Cooking is not time consuming, says Errieda du Toit. There is a need to break this stigma brought on by the convenience of fast food. Du Toit is on mission to encourage more South Africans to make the return to the kitchen.
There’s no such thing as “too busy” to cook a good meal, she firmly believes. Her biggest challenge as a renowned food commentator and content creator is inspiring people to understand that there is immense joy in cooking a meal from scratch.
“Time spent in the kitchen is valuable to one’s well-being,” she says.
Du Toit is an award-winning author who has published a total of ten cookbooks which tell the intricate story of South African cooking. The “Huiskok” (home cook), as she is fondly known, says that we have become complacent in our cooking practices and fostered a love affair with fast foods.
Food is fostering connections, she says. It creates bonds between yourself and ingredients, loved ones and even with the farmer who produced the food.
“If you look at food, it is an unselfish act. You put so much of yourself into it,” she proclaims.
This is especially valuable amid a global pandemic. The health crisis has highlighted the fragility of our relationship with food. Under lockdown we saw food prices skyrocket leaving many cash-strapped citizens in crisis, she says.
“Even if you cook the most basic foods, food is expensive. We are so reliant on supermarkets that we even saw the supply chain being broken. Now is an important time to be aware of how food is produced,” she says.
Consumers of food have slowly begun making the return to the soil, she says. Even city dwellers are now growing their own foods on balconies. “There is a big yearning to go back to the land, to go back to the earth, because we feel so vulnerable and we need our independence back.”
When Du Toit was a young girl her parents sought out better opportunities in the city and migrated from the Klein Karoo dorpie of Touws River to Cape Town, where she still resides today. Here the foundations of her deep appreciation and love for food were cultivated.
Her parents grew up in the countryside and had extensive backgrounds in farming. With their move to the city they brought along gardening techniques that they would use to grow a vegetable garden in the backyard of their suburban home.
Her mother, an avid cook, would make simple farm-to-table style meals and preserve fruits into jams or canned fruit from the massive fruit trees in the backyard. The garden came in handy in an era where supermarkets were not as easily accessible as they are today, she says.
“When you burn food, don’t think of it as burnt, think of it as deeply caramelised!”
“It was a natural thing (for us) to cook with the seasons and to be independent. My mother knew how to be thrifty with food, how to not waste anything; they grew up with a great respect for food.”
Du Toit never thought she would make a career of her passions for food. She took quite the detour on this journey.
She had initially studied art at Stellenbosch University, but was told that she was not all that talented and advised to set her sights on home economics. After completing her qualification in food direction, she did a two-year teaching stint and later entered the corporate world.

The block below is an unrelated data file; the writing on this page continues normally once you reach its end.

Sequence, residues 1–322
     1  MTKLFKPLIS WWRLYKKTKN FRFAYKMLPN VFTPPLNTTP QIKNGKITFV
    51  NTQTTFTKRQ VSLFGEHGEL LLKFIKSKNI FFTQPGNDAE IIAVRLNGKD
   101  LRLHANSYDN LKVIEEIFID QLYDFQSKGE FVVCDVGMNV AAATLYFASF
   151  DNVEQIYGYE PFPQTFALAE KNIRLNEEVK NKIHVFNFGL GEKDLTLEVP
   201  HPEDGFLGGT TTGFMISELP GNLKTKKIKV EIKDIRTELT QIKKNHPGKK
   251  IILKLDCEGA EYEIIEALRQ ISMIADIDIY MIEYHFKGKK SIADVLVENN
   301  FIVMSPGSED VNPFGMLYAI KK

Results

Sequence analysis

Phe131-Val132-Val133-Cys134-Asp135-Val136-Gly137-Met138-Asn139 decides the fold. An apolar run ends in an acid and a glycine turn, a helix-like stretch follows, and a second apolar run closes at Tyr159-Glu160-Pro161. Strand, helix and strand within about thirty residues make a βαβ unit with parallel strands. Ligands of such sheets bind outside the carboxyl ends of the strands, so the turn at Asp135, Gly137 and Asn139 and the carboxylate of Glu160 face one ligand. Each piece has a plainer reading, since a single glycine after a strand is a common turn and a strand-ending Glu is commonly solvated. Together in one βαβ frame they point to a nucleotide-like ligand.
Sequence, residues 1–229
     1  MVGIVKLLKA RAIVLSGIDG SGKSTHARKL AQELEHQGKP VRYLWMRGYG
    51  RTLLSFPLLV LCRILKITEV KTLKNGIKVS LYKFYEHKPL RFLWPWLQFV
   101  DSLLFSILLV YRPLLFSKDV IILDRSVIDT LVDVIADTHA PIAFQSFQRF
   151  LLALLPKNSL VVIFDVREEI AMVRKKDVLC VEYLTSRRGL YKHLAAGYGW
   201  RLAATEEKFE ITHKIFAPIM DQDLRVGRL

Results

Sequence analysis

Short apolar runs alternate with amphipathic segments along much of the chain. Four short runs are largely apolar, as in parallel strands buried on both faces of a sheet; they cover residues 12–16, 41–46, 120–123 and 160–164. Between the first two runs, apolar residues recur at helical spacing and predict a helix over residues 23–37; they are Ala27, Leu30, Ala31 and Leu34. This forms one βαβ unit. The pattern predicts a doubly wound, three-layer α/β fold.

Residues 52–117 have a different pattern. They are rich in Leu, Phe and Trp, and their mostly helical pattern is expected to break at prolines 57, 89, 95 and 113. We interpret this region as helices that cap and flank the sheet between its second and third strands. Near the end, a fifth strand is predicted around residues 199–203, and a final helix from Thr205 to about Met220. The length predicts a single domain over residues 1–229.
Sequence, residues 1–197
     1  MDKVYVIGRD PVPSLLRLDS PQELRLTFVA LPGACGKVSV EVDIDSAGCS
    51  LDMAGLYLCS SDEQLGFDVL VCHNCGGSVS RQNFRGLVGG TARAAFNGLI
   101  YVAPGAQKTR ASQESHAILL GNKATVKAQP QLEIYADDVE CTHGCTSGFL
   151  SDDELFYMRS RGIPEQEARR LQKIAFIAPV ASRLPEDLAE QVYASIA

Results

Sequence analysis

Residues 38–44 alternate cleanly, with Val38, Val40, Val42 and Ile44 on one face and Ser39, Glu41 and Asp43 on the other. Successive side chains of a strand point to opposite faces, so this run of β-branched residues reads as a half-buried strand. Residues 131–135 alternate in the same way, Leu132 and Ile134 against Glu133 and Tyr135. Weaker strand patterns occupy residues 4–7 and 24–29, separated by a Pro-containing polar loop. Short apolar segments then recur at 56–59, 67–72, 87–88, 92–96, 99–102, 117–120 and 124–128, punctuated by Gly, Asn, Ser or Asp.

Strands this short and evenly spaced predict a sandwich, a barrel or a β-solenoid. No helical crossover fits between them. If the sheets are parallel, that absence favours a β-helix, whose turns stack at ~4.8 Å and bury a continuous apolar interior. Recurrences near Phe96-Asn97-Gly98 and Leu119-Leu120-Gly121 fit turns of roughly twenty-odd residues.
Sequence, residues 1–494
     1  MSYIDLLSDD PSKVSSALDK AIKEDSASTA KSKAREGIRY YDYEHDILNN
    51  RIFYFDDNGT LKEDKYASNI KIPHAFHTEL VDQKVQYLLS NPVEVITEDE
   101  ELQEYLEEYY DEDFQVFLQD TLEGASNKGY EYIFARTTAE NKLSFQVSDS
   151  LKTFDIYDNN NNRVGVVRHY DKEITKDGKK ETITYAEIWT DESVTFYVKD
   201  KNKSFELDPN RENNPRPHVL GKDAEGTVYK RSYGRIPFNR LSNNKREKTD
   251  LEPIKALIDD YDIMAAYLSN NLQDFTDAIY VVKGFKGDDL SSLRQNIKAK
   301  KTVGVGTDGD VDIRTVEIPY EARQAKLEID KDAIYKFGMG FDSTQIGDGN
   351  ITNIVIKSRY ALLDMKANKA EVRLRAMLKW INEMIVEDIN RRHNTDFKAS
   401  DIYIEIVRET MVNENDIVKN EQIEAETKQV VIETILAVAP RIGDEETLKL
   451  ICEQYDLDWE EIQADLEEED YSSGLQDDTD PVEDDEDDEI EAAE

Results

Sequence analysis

At age 40, though, something changed, she says. “You could call it a mid-life crisis or, better yet, an assessment of one’s life, but I realised that I would possibly like to follow my love for food and writing.”
She explored her passion for food and channelled it into her work as a food commentator, content creator, recipe developer and author. Her work in food commentary saw her present a radio programme with RSG that ran for 15 years. Du Toit has been recognised as the visionary behind KykNet cooking competition Kokkedoor. The show pits home cooks against chefs, bringing time-tested recipes and food history to the centre stage.
In 2019, she published her 10th cookbook Share, which as an ode to community recipe sharing. This book tells the story of South African food and its ability to foster connection between people from various backgrounds.
“Through food, we are all connected. Everyone eats, and everyone has their own personal relationship or story with food. That story-telling aspect is what truly fascinates me.”
Her cooking inspiration comes from those who came before us, she says. “Those are the home cooks that made food by hand and developed techniques and ways to cook food with simple ingredients.”
Du Toit believes that there is an urgent need to reconnect with fresh ingredients. The farmer-consumer relationship is crucial and has been reinforced by the coronavirus pandemic, she says. The reliance on supermarkets has severed the connection between farmer and consumer.
“We do not have an understanding of what it took to grow produce. That is why you see a resurgence in these fresh food markets, because people now want to see the person that raised the food that they eat.”
Du Toit says that her journey is littered with kitchen fails and she believes that food is in its essence about trial and error.
It was chef Peter Goffe-Wood who taught her this, she fondly recalls. “He said to me, ‘Errieda, when you burn food, don’t think of it as burnt, think of it as deeply caramelised!’” She bursts into laughter.
To this day those words have resonated in her cooking. “I think we take life so seriously and we can even take food seriously. I believe new dishes were born out of things that went wrong in the kitchen. From these mistakes we learn how to do things.”
“Come to grips with things that went wrong, pick yourself up and find a solution,” she advises.